Mercury and other high concentrations of pollutants were discovered in the skin and blubber of bottlenose dolphins that live in the English Channel.
The levels of pollutants are some of the highest ever found in bottlenose dolphins in Europe, according to a new study published in the journal Scientific Reports.
Researchers from the University of Liège in Belgium measured levels of organic pollutants and mercury in the blubber and skin 82 bottlenose dolphins that inhabit the Normanno-Breton Gulf in the English Channel.
In the blubber, the researchers found high concentrations of pollutants from industrial fluids containing chlorine and the pollutants were found in 91 percent of males and 92 percent of females.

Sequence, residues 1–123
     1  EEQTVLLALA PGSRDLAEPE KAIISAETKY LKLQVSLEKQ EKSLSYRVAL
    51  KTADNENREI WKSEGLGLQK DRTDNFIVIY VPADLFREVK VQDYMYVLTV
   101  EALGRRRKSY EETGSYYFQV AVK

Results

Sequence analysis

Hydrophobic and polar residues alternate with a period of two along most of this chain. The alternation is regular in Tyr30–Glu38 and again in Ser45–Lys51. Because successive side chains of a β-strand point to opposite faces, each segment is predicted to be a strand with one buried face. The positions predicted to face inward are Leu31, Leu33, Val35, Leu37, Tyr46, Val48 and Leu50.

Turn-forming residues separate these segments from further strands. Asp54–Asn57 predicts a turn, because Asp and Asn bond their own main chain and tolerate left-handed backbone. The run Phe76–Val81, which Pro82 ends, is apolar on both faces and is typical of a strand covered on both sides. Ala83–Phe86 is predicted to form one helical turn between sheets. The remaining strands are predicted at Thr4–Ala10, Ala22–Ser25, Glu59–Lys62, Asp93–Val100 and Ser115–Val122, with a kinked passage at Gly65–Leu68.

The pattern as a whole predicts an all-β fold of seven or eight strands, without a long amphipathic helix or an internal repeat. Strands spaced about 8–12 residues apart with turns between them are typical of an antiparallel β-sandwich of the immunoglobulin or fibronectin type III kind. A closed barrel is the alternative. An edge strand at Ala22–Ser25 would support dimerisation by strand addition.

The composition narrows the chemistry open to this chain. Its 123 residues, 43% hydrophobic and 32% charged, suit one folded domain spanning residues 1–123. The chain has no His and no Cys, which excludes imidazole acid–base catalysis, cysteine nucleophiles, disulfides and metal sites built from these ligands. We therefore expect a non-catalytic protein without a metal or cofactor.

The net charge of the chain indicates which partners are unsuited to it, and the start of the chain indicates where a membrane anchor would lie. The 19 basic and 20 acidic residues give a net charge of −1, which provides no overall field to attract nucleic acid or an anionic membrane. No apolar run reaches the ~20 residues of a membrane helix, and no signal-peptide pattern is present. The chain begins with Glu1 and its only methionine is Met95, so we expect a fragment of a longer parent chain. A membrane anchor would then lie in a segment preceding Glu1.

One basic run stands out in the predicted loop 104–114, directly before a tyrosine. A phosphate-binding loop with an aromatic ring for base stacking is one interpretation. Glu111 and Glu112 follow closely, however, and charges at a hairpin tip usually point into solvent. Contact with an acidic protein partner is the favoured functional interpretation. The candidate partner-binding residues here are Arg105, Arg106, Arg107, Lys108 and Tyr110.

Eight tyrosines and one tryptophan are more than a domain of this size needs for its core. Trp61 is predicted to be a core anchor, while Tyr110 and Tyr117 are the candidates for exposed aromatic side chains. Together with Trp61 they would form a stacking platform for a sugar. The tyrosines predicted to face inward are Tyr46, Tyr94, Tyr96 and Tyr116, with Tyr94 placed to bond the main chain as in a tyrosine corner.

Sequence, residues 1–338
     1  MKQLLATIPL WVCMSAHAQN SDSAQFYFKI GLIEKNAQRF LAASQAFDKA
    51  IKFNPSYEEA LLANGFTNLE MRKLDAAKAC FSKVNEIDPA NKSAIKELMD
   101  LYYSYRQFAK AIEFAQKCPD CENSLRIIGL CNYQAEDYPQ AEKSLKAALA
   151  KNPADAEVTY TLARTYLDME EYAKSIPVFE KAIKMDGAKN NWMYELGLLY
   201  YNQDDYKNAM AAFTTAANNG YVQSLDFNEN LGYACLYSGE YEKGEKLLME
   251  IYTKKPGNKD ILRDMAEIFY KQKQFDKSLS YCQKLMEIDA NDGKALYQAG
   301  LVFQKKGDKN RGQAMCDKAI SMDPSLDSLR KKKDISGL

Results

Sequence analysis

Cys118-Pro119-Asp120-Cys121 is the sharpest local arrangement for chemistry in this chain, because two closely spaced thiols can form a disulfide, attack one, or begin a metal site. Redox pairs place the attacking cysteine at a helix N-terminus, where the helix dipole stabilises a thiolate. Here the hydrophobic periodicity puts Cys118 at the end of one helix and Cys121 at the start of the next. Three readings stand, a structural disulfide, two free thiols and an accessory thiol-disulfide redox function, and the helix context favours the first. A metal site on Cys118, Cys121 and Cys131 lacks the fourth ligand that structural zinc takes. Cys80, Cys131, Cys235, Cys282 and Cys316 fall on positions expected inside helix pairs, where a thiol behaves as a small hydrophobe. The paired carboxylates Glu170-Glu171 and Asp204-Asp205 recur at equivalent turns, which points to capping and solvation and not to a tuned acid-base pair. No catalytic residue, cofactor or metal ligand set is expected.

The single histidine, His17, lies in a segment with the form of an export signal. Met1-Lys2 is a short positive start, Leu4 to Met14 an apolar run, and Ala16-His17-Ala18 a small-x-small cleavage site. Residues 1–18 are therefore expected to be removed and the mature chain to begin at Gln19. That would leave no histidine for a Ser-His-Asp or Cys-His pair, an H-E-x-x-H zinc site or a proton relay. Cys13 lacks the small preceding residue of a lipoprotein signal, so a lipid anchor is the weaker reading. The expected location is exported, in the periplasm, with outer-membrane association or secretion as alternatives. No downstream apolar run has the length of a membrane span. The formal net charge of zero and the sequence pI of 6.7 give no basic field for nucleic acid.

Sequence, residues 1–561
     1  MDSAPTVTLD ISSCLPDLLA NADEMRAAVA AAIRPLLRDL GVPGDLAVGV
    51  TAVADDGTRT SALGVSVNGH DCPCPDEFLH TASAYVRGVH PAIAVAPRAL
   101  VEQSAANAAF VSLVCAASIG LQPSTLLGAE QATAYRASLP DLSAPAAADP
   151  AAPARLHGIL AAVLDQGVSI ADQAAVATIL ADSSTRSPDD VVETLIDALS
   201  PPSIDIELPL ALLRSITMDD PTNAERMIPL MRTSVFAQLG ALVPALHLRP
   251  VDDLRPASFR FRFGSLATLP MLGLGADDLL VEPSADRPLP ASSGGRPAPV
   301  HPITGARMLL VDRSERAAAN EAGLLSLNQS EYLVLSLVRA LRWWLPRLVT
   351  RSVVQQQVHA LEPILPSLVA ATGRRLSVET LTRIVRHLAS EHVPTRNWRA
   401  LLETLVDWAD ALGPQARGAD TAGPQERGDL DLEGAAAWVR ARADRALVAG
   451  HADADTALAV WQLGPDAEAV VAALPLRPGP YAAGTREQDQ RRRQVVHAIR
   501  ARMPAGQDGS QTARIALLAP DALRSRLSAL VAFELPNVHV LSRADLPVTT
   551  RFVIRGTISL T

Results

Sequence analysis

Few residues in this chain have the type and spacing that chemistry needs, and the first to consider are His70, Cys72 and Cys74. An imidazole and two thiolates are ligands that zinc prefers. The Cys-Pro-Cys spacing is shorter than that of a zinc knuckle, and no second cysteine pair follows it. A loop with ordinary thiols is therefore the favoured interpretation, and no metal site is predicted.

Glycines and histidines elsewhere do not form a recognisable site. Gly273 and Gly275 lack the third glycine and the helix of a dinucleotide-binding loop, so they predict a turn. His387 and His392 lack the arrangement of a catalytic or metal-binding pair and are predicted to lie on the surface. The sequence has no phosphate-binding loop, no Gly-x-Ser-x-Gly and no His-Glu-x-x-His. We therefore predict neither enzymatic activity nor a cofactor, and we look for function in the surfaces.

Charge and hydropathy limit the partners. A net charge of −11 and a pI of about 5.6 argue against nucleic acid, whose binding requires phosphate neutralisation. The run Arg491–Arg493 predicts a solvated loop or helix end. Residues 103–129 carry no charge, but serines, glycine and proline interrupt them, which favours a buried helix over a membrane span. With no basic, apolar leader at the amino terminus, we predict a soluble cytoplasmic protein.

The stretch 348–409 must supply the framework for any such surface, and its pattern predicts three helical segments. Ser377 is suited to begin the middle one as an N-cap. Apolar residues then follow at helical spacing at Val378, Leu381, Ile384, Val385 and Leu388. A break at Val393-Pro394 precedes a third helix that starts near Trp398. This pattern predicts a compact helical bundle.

High concentrations of mercy in the skin of the dolphins matched mercury levels found in bottlenose dolphins in the Florida Everglades and the Mediterranean Sea.
Even though chlorine-containing pollutants were banned from many countries in the 1970s and 80s, marine biologists are still finding levels of harmful organic pollutants in marine life.
When industrial waste and fertilizer runoff filter into the ocean, the organic pollutants carried with them can dissolve in the fat and oils of marine species like dolphins.
This is why bottlenose dolphins serve as an excellent model for studying pollution because of the build-up of mercury and chlorine in the fatty tissues.
Due to the high levels of mercury and pollutants discovered in the dolphins in the English Channel, the researchers recommend that Normanno-Breton Gulf become a conservation area to ensure that Europe’s largest population of coastal bottlenose dolphins is protected.
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